These two great laws of redemption and karma are primary aspects of the fundamental polarity of all manifest life, in which the relationship of the two poles produces the magical third: hence the Holy Trinity. These two also manifest in life as the immortal and mortal realms of being, as allegorised in the Gemini myth.

Venus and Adonis

A related myth is that of Venus and Adonis, the former being the immortal, the latter the mortal. As in the Gemini myth, the mortal Adonis dies and, because of Venus’ love for him, is resurrected in another (immortal) form.

Venus and Mars

The myth of Venus and Mars (Greek: Aphrodite and Ares) allegorises the truth as it exists at another level. Venus and Mars, both immortals, have an eternal love affair resulting in the birth of Harmony (Greek: Hermione) and Love (Greek: Eros). 7

The twin entrance pillars of a classical temple were associated with Venus and Mars, echoing the same idea as lies behind the names of the Great Pillars of Solomon’s Temple, Jachin and Boaz. Mars symbolises strife, Venus friendship: hence, striving together in friendship is what produces harmony and love (charity). Mars is associated with thought or reason, Venus with desires or emotion.

Referring to the classical teaching concerning this, Bacon wrote: “Strife and friendship are the spurs of motions and the keys of works”. 8  In all the Shakespeare works (plays, poems and sonnets), this principle or law of polarity is employed in a masterly way.

The Wheel of Life

The law of cause and effect, or karma, generates the life process which operates within cycles of time. This life process has four distinct stages, which can readily be seen in the four seasons of an annual cycle (winter, spring, summer and autumn), and in the four stages of plant growth (seed, plant, flower and fruit). It can also be seen in the transformational stages of a lighted candle wherein, in order to produce the light, a hot flame is applied to the wick, resulting in the hard, cold wax first melting, then vaporising, then bursting into flame. This flame then shines with light. The first four stages involve transformation from one form to another, but the fifth stage involves a transmutation (i.e. from a limited or lower form of existence to an unlimited or higher form of existence).

The scientists of the mystery schools, who were also known as alchemists, used the symbolism produced by the lit candle to describe the stages of the life process—the four transformational stages from earth to water to air to fire (i.e. solid to liquid to vapour to flame) culminating in a transmutation to the fifth stage or form, called quintessence or aether (i.e. light). Transmutation is equivalent to redemption.

Subject to the same law as the rest of nature, the life process of a human being goes from an impulse to a desire, to a thought, to an action. As a result of this experience we usually gain some knowledge, which then informs the next cycle of life process; and thus we evolve. If our desires become truly loving, then our thoughts will begin to be those of love (which means that we will understand something of truth), and our resulting actions will be loving or charitable ones. The knowledge then gained from this love-powered experience brings a knowledge which is an illumination. This is known as initiation, and it is this which eventually produces the saint, seer and true sage, the illumined or christed one.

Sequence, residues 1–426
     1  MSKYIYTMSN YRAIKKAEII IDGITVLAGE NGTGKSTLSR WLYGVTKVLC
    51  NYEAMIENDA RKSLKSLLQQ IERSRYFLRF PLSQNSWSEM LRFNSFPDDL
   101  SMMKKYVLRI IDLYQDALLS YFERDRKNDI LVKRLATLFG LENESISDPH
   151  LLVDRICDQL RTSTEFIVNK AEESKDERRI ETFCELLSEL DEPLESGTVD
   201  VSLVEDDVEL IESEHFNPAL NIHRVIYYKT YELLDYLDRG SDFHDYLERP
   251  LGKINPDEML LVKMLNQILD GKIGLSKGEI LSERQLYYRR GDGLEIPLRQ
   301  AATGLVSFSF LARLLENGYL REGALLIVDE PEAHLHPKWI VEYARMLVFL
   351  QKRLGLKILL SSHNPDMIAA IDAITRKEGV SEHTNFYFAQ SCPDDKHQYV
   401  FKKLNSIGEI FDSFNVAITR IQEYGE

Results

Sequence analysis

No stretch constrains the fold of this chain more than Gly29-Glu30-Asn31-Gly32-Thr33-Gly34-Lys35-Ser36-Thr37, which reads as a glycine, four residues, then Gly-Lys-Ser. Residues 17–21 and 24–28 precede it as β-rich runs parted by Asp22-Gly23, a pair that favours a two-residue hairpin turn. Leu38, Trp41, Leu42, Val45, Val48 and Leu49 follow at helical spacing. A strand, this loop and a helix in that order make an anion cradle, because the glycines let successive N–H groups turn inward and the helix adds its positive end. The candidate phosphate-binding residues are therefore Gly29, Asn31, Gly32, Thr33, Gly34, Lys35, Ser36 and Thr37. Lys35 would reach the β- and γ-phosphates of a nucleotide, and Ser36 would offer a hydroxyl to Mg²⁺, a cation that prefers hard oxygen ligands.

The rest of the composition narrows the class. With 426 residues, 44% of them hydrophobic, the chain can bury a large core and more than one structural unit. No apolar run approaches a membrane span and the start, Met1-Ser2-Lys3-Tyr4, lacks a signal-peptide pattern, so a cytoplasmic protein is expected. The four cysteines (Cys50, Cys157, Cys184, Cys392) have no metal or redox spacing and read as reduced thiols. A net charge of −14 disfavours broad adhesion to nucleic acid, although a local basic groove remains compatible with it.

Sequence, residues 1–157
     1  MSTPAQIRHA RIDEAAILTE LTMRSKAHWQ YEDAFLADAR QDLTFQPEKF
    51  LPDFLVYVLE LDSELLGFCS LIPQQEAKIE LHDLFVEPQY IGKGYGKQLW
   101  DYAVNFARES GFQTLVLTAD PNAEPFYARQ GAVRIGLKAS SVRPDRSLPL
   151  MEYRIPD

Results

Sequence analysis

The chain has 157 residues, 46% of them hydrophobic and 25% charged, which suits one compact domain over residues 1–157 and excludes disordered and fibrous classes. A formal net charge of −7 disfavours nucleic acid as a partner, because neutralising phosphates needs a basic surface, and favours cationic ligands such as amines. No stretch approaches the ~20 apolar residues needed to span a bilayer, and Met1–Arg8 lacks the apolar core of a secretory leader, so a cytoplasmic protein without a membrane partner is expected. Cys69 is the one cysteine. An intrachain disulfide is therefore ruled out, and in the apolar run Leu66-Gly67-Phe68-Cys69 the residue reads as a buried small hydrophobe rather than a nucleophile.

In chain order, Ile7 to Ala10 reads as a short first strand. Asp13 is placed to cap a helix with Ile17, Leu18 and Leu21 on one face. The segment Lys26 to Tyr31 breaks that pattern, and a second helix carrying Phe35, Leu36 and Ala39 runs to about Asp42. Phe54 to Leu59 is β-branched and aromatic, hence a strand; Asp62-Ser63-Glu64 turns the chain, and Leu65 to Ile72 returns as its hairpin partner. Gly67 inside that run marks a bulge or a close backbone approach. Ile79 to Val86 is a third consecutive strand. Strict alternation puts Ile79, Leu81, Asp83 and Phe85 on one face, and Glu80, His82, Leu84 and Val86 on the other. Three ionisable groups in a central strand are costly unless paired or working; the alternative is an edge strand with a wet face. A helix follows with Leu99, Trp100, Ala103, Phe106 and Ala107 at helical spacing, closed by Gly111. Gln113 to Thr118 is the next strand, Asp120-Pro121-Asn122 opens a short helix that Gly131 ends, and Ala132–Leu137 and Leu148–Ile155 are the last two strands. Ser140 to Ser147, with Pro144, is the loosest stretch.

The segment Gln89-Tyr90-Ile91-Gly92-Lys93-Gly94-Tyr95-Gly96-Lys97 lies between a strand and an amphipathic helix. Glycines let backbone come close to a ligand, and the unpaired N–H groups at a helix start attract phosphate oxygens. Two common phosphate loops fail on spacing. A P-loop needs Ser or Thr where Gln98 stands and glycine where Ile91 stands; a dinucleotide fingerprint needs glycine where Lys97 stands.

All the Shakespeare plays are constructed correctly according to this cyclic law. Some plays are governed by only one cycle of impulse, desire, thought, action and result, whilst others have two or more cycles, or even cycles within cycles.

Shakespeare also recognised and portrayed in his plays what the alchemists recognised: that there are four main levels or grades of the human life process cycle—gross, mundane, virtuous and exalted. The mundane cycle is the ordinary cycle of impulse, desire, thought and action, recycled over and over again. The gross is when this ordinary cycle is perverted by deliberately bad, selfish or evil desires, resulting in noxious or pernicious thoughts and actions. The virtuous cycle begins when a person starts to live a truly good life, dedicating him or herself to being loving and doing good. This is initiation—a stepping into the true mystery of life. The stages that follow are known as degrees of initiation, leading to illumination. The exalted cycle is that of the illumined soul.

The Shakespeare tragedies portray mainly the gross and mundane cycles; the histories are a mixture of gross, mundane and occasionally virtuous cycles; the comedies focus primarily on the virtuous and exalted cycles, but with some portraying all four cycles. The greatest example of the latter is The Tempest.


The Shakespeare plays are set up to be experienced as mysteries, for those who might wish to do so. That is to say, they can be used to help us develop and pass through cycles of initiation, thereby gaining increasing knowledge of the laws of life and how to practice them in our own lives for the betterment and enlightenment of both ourselves and the human race.

© Peter Dawkins, FBRT

1. Shakespeare: Hamlet  3.2.17-24.
2. Richard de Bury, High Chancellor of England, Philobiblon (1345), ch xiii.
3. Francis Bacon, Advancement of Learning, II, xiii (1605).
4. Ecclesiastes 3.11.
5. Francis Bacon, Wisdom of the Ancients, ‘Cupid or the Atom.’
6. Francis Bacon, Thoughts on the Nature of Things.
The son of Aphrodite (Venus) and Ares (Mars) is Eros (Cupid) the younger. The elder Eros is the First-born (Protogenos)—the Divine Love (Eros) and Light (Phanes) of the universe, in which is all life. The younger Eros, when fully grown, becomes in nature and attributes like his 'Father', the elder Eros: hence the statement, "The Father and I are one."
8. Francis Bacon, History of the Sympathy and Antipathy of Things.
Castor and Pollux